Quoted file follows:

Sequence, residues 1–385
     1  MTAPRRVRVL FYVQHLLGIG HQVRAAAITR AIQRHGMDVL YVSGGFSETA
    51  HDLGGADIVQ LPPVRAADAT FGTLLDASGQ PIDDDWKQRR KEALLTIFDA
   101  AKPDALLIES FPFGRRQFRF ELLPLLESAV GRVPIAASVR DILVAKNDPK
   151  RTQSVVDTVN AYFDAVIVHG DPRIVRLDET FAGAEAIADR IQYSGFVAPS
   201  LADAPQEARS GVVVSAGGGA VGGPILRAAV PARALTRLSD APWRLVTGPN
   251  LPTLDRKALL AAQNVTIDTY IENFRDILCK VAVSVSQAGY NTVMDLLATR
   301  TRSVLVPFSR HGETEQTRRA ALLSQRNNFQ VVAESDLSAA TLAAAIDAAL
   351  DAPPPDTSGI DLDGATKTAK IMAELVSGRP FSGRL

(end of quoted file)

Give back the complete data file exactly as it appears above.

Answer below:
Sequence, residues 1–385
     1  MTAPRRVRVL FYVQHLLGIG HQVRAAAITR AIQRHGMDVL YVSGGFSETA
    51  HDLGGADIVQ LPPVRAADAT FGTLLDASGQ PIDDDWKQRR KEALLTIFDA
   101  AKPDALLIES FPFGRRQFRF ELLPLLESAV GRVPIAASVR DILVAKNDPK
   151  RTQSVVDTVN AYFDAVIVHG DPRIVRLDET FAGAEAIADR IQYSGFVAPS
   201  LADAPQEARS GVVVSAGGGA VGGPILRAAV PARALTRLSD APWRLVTGPN
   251  LPTLDRKALL AAQNVTIDTY IENFRDILCK VAVSVSQAGY NTVMDLLATR
   301  TRSVLVPFSR HGETEQTRRA ALLSQRNNFQ VVAESDLSAA TLAAAIDAAL
   351  DAPPPDTSGI DLDGATKTAK IMAELVSGRP FSGRL